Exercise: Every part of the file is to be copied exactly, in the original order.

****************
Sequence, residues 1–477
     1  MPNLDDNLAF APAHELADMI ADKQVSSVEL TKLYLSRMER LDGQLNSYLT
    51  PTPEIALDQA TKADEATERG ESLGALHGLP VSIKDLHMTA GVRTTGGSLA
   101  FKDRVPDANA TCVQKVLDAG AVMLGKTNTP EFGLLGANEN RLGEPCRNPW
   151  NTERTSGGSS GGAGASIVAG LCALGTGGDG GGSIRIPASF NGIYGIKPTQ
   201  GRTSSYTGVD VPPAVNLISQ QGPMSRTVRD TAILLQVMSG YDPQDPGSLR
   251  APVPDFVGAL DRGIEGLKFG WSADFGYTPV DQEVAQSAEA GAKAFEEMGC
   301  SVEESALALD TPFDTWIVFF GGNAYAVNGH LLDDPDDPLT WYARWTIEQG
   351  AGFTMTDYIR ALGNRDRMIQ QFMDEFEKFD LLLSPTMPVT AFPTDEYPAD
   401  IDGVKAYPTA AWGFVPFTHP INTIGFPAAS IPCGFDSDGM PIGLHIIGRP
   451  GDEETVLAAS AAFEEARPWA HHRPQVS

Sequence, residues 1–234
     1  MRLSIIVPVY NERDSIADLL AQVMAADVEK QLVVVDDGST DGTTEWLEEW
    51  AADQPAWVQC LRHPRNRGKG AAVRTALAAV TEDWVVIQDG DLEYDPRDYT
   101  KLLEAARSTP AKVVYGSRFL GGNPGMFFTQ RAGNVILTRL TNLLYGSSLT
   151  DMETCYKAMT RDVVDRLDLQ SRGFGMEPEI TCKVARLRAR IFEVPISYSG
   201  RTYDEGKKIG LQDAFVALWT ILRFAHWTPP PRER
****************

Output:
Sequence, residues 1–477
     1  MPNLDDNLAF APAHELADMI ADKQVSSVEL TKLYLSRMER LDGQLNSYLT
    51  PTPEIALDQA TKADEATERG ESLGALHGLP VSIKDLHMTA GVRTTGGSLA
   101  FKDRVPDANA TCVQKVLDAG AVMLGKTNTP EFGLLGANEN RLGEPCRNPW
   151  NTERTSGGSS GGAGASIVAG LCALGTGGDG GGSIRIPASF NGIYGIKPTQ
   201  GRTSSYTGVD VPPAVNLISQ QGPMSRTVRD TAILLQVMSG YDPQDPGSLR
   251  APVPDFVGAL DRGIEGLKFG WSADFGYTPV DQEVAQSAEA GAKAFEEMGC
   301  SVEESALALD TPFDTWIVFF GGNAYAVNGH LLDDPDDPLT WYARWTIEQG
   351  AGFTMTDYIR ALGNRDRMIQ QFMDEFEKFD LLLSPTMPVT AFPTDEYPAD
   401  IDGVKAYPTA AWGFVPFTHP INTIGFPAAS IPCGFDSDGM PIGLHIIGRP
   451  GDEETVLAAS AAFEEARPWA HHRPQVS

Sequence, residues 1–234
     1  MRLSIIVPVY NERDSIADLL AQVMAADVEK QLVVVDDGST DGTTEWLEEW
    51  AADQPAWVQC LRHPRNRGKG AAVRTALAAV TEDWVVIQDG DLEYDPRDYT
   101  KLLEAARSTP AKVVYGSRFL GGNPGMFFTQ RAGNVILTRL TNLLYGSSLT
   151  DMETCYKAMT RDVVDRLDLQ SRGFGMEPEI TCKVARLRAR IFEVPISYSG
   201  RTYDEGKKIG LQDAFVALWT ILRFAHWTPP PRER